Road Maintenance Includes Keeping Up With Litter

One person’s trash may be another one’s treasure, but for St. Johns County road crews it’s all part of a day’s work.

During a briefing to county commissioners, Public Works Director Greg Caldwell said in addition to regular road work, crews pick up a ton of trash every week along St. Johns County roads.

With good transportation networks a critical part of economic development efforts, as well as improving the quality of life for residents, the effort is important.

“As part of our mowing campaign and roadside litter campaign, we pick up 52 tons of trash annually,” he said. “We pick up litter not only because we want to keep St. Johns County beautiful, we want to protect our equipment, so it also helps protect our infrastructure. It all works together.”

That’s especially important with all the active transportation projects underway in the county.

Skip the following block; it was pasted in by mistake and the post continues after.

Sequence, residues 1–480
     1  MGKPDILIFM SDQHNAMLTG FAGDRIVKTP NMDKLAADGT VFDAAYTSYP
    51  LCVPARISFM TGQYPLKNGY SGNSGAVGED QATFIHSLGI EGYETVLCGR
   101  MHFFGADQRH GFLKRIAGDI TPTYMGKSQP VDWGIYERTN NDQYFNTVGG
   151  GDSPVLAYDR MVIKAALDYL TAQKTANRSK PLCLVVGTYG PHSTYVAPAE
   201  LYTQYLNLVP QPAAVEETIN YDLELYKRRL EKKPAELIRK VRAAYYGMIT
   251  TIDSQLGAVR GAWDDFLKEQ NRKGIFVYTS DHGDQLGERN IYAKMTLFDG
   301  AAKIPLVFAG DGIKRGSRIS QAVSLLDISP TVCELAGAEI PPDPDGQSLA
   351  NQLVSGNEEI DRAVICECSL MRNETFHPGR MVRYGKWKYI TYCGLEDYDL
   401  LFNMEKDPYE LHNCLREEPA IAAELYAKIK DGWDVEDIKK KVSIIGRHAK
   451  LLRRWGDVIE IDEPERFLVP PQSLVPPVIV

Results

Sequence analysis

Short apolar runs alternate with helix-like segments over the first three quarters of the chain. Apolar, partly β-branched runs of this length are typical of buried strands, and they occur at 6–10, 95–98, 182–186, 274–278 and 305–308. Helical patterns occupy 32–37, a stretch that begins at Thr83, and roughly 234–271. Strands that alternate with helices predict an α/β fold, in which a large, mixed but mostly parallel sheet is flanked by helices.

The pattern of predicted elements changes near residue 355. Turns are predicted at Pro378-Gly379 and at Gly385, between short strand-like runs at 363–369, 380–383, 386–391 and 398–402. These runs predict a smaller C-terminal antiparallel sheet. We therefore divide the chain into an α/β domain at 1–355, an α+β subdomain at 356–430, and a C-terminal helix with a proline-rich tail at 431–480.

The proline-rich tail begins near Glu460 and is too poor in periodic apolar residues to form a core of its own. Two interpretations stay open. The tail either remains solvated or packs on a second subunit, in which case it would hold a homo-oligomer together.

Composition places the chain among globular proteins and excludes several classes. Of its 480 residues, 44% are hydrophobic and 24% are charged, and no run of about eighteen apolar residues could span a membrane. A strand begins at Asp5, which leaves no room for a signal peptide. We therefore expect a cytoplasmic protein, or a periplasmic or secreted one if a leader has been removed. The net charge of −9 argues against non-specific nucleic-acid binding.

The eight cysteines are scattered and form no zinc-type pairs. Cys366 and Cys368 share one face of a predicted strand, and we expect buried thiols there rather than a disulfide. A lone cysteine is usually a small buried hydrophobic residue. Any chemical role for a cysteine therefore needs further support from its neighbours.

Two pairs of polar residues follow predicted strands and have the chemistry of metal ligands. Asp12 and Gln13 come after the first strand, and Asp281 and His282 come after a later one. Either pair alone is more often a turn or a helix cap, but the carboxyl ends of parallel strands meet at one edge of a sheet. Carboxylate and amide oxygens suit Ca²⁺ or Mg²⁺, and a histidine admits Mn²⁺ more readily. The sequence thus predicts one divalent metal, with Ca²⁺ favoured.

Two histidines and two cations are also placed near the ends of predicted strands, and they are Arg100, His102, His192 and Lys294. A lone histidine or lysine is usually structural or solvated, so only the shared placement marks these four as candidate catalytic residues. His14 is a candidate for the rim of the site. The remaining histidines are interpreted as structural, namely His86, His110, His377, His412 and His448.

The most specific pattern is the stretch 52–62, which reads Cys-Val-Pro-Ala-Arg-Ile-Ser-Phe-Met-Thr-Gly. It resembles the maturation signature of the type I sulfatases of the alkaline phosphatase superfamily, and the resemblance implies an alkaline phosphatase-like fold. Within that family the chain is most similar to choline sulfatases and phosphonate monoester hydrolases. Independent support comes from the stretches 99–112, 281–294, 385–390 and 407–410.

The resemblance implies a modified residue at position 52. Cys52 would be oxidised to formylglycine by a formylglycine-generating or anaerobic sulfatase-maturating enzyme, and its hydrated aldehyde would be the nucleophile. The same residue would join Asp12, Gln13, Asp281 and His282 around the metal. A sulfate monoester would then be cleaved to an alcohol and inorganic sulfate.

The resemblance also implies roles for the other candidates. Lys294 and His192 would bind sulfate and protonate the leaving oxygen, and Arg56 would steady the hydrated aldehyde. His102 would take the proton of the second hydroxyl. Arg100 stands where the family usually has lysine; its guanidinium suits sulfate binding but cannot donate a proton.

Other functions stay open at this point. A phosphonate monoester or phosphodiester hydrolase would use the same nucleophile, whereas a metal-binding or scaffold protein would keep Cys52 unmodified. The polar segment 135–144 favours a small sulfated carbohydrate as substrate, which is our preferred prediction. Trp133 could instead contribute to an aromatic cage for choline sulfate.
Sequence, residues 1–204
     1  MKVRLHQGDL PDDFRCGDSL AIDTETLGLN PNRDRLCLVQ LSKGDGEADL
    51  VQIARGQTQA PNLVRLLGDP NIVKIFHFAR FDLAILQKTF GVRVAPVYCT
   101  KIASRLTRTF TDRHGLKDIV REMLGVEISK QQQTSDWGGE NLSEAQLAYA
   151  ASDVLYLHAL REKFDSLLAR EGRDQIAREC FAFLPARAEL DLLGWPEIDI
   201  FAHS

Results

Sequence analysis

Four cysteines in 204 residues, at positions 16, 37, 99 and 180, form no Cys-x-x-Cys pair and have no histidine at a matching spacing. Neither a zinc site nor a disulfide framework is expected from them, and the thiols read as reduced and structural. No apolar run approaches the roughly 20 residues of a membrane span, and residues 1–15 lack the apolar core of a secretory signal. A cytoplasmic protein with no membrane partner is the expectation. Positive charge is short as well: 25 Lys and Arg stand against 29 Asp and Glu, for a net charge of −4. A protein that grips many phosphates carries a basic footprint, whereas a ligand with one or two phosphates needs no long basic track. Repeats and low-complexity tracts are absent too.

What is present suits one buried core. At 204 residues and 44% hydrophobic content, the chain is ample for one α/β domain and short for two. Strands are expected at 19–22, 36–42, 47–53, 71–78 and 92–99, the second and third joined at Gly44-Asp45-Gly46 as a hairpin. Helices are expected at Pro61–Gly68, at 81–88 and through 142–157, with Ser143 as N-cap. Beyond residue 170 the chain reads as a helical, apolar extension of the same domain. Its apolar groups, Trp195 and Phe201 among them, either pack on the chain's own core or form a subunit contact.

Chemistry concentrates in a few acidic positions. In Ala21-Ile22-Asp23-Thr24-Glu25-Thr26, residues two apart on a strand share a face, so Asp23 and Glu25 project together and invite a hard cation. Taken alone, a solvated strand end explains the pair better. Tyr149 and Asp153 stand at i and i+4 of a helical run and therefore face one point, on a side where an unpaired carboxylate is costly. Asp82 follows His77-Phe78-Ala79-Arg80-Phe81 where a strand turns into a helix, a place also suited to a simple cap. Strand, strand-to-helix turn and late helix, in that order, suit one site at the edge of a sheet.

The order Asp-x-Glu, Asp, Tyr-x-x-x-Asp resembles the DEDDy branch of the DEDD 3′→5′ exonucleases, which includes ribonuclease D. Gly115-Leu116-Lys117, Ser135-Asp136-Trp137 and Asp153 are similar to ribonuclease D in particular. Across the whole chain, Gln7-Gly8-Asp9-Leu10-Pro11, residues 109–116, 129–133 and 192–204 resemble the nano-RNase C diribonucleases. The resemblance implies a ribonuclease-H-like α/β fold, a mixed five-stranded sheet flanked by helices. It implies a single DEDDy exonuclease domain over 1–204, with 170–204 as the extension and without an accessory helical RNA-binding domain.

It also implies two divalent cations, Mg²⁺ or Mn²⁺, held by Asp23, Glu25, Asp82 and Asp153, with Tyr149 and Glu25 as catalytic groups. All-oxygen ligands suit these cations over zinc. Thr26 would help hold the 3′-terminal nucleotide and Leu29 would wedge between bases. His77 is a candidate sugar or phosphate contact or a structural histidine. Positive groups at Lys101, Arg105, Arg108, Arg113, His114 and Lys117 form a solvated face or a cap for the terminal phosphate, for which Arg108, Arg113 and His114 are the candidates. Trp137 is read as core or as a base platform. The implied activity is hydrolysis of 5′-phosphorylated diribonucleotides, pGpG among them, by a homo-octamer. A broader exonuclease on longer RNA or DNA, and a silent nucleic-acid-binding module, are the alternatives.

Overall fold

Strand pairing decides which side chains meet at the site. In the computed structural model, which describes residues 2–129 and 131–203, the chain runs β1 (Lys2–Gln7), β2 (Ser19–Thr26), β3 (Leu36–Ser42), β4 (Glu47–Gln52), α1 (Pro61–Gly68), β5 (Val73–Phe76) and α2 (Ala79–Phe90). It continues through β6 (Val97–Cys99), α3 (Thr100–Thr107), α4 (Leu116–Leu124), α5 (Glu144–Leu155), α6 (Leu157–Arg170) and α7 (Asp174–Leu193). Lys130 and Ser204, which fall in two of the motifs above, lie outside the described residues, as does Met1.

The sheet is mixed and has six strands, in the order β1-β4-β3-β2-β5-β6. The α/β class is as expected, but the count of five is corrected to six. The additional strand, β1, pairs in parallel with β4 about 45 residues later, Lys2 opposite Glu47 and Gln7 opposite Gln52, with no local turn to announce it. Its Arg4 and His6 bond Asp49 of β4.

Caldwell said more than 10 miles of roadway improvements are actively underway, including work on Longleaf Parkway, which is expanding to four lanes from Veterans Parkway to Roberts Road. He said the project has been underway for about a year.

“The expectation is that paving will commence in the middle of July,” he said, and expected to be completed in November.

As part of the project, a new signal is being installed at Shetland Drive.

“This is going to be a major improvement for the area and something the community has been requesting for some time,” Caldwell said.

Caldwell also highlighted projects on County Road 210 both east and west, and the central segment of work on County Road 2209. For that last project, improvements in front of Tocoi High School are being expedited so they are finished before the new school year begins.

After Caldwell finished his presentation Commissioner Krista Joseph said she wanted to go back to the litter issue he raised, asking if it was possible to contextualize the amount of litter collected.

“It’s like 45 elephants,” Caldwell said. “We tried to come up with something that rationalizes what it looks like. It’s a lot. It fills up a big area. It’s astounding how much they pick up.”

Caldwell said the Public Works Department strives to get information to the public about littering as often as possible “to try to make sure more people understand how they can reduce the litter in St. Johns County.”